CUDL Network Brings More Than Loan Approvals to CU Indirect Lenders
RANCHO CUCAMONGA, Calif. -- Tony Boutelle is prepping for Credit Union Direct Lending's 9th Annual Auto Lending Symposium on June 20-22, 2007 at the Venetian Resort & Casino in Las Vegas. It will be CUDL's biggest show ever he said, and once again, an opportunity to relay the importance of the CU-owned option for indirect auto loans. It's the power of aggregation, the essence of the cooperative structure of CUs and it just happens to be CUDL's mission statement: Improve Credit Union Lending Through the Power of Aggregation (http://www.cudl.com).
"There will always be cars," allowed Boutelle, musing on how credit unions go through cycles of intense concentration to selling mortgages, small business loans, investments and other lines and products, but cars have always been the recognized bread and butter of the CU loan portfolio. Some 35% of CU loans are auto loans, he said. "Auto loans are consistent. Every 26-months people look for another car." Although auto loans have been replaced by mortgage loans as the largest part of the credit union loan portfolio, they represented over one-third of all loans outstanding in the 1st quarter of 2007.
According to the CUDL 2007 Business Intelligence Report findings, getting a bigger share of wallet for auto loans necessitates making more inroads to dealers. (This mirrors the effort in origination of mortgage loans to nonmembers, who usually take the recommendation of a realtor or mortgage broker). But as rates may be more attractive at a credit union and the dealer just wants to sell the car (as the realtor wants to put a buyer in a house) credit unions must be an option to the dealer.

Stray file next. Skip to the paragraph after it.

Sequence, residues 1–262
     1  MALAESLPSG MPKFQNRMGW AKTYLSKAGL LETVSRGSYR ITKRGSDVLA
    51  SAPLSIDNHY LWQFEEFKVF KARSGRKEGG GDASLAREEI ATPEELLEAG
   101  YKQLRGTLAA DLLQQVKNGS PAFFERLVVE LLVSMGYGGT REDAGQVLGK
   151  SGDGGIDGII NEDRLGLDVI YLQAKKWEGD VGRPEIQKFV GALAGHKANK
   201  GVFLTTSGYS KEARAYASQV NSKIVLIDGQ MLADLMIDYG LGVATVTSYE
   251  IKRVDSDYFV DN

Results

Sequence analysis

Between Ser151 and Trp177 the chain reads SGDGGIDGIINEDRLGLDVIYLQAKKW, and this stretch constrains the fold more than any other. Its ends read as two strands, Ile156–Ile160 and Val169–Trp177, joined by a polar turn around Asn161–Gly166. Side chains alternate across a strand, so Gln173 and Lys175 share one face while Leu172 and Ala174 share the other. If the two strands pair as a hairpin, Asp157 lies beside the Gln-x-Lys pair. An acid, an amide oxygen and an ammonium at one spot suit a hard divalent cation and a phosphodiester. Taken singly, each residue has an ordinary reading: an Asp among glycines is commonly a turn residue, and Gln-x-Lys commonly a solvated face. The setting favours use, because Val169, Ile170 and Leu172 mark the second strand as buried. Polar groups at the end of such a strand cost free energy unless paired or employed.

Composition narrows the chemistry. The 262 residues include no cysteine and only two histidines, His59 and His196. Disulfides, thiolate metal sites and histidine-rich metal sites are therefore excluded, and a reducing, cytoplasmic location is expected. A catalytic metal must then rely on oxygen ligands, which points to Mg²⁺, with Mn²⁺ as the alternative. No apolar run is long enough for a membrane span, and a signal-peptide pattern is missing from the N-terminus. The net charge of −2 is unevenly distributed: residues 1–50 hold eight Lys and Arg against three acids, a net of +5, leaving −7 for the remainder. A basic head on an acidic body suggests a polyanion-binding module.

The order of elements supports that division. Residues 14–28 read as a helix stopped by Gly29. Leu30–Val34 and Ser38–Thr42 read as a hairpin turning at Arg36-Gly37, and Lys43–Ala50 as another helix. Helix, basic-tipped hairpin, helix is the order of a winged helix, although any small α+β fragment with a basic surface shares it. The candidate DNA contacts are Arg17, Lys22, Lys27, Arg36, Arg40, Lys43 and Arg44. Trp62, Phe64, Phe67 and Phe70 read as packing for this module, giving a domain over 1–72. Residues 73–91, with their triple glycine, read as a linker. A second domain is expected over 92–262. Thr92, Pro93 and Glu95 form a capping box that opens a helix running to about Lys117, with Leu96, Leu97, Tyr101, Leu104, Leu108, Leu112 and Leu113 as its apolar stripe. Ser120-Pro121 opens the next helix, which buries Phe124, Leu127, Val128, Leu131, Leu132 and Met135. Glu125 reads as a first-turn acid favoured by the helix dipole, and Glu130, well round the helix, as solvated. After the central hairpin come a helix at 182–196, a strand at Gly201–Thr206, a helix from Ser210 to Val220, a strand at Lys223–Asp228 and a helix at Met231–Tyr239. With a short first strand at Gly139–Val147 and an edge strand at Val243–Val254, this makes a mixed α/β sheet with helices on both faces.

And why don't more members and consumers in general finance their autos through a CU?
That's complicated, but rate sure isn't the problem. Example: a member of Tropical Financial Credit Union in Miami (a CUDL member) bought a 2002 BMW 325i at CARMAX last week and got a five-year loan for the purchase price of $18,335, (after a trade in) for a rate of 8.75%. Two days later she refinanced the loan at TFCU at a rate of 7.2%.
Credit unions offer lower interest rates than other financial institutions to almost every consumer. The only category where another financial institution offered a better rate was in the prime category, where captives offered an average rate of 6.52% on vehicle loans while credit unions on average offered a 7.16% rate.
There were 3.9 million new vehicle sales in the 1st quarter of 2007 and 6.8 million used vehicle sales, about the same volume as new and used vehicle sales over a year ago. Most of that growth came from foreign automaker sales. Toyota and Honda experienced sales increases while domestic automakers experienced declines in the 1st quarter of 2007 compared to the 1st quarter of 2006. Toyota actually overtook General Motors in the first quarter to become the world's largest automaker (See
Not the Usual Suspects
National competitors are attacking credit union market share, but the usual suspects are disappearing as fast as the Ten Little Indians in an Agatha Christie mystery novel.
Ford Motor Credit and GMAC were the nation's top lenders, but now Toyota Financial is No. 1. Still, when aggregated, CUDL credit unions are the nation's sixth largest lender and they have held this spot for the past year.